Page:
Hydroponics on Campus: Urban Farming at School

by Julia P., Bennett B. and Aiyan L., Global Development Studies students

How will we continue to feed the growing population of humans on our planet? This is a big question and one that our Global Development Studies team was drawn to this semester.

A bit of background is necessary to understand the scope of this issue. Since April of 2010, the human population has grown by 6.3% and is expected to continue growing exponentially. With this growing population, the demand for food is also increasing at a rapid rate. Currently, the majority of our food comes from factory farms and large-scale, mechanized monoculture farms. Monoculture farming is a type of farming where the farms specialize in a specific crop and use the majority or all of the land to grow that one type of crop. This process severely decreases biodiversity and causes all sorts of problems for the surrounding environment. Loss of biodiversity causes the soil to become unhealthy and leads to soil erosion. This soil erosion is accompanied by pesticide and herbicide runoff as well. This runoff contaminates local water sources and changes the chemical composition of the water which can causes increases in algae as well as fish deaths. Furthermore, these chemicals can end up in our drinking water or in our stomachs from contaminated fish. Overall, by working to maximize our food production we are destroying the environment and making it harder to provide for the ever-growing human population.

So, what can we do? We need to engage with more sustainable ways of farming. One way of sustainable farming method we have learned about in our Global Development Studies class is hydroponics. Hydroponic gardening is a method of vertical farming that utilizes a nutrient solution to grow the plants rather than soil. The roots of the plant are submerged in water that has added nutrients, which are delivered directly to the roots. Because soil is not necessary to grow the plants, there is no soil erosion and no groundwater contamination and degradation of habitats. Pesticides and herbicides are not needed. Furthermore; the system recycles the water so there is minimal water usage and waste; and the vertical growing methods allow us to grow more plants in less space. Overall, with hydroponic gardening we are able to grow large quantities of food in a sustainable way that will product our environment and allow us to continue living on a healthy Earth.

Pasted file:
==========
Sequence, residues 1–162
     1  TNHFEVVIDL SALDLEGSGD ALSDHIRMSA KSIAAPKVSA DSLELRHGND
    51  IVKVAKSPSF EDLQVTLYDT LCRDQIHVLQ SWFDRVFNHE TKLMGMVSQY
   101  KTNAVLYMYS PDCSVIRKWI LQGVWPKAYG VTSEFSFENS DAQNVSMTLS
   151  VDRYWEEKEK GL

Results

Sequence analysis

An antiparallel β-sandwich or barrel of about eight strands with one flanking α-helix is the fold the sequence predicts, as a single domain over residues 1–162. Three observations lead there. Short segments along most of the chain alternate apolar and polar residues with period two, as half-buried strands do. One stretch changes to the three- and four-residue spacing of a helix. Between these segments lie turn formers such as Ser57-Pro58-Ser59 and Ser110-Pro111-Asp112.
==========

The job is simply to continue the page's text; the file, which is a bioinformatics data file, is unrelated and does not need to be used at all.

Our GDS group worked on creating a hydroponics wall in the high school for our semester project this year. We worked with the Operations team to identify a suitable site on campus, and settled on the fourth floor of the high school by the biology lab. This seemed like a natural choice because we would like to create learning experiences connected to the hydroponics wall, and being close to science classrooms seemed like a perfect fit.

We researched a variety of hydroponics systems and found a design that works well in the fourth floor hallway, and we are grateful to the Concordia Fund for supporting our project and funding the purchase of our hydroponics units.

In May, our first unit arrived and is now set up and ready to go. Over the summer, we will start growing our first test batch of plants, and we will monitor the system and the plants every other week, seeing how everything is going and familiarizing ourselves with the system. If phase one is successful, we will order the rest of the units in August and have the whole wall up and running shortly afterwards.

Our team will join the Global Issues Network for the 2021/22 school year, and we plan to recruit additional students to help maintain the system and create the learning opportunities and resources that can be used with our hydroponics wall.

 By implementing a hydroponics wall in our high school, we hope to give all students at Concordia the opportunity to learn about one method of urban farming and raise awareness of sustainable approaches to growing food.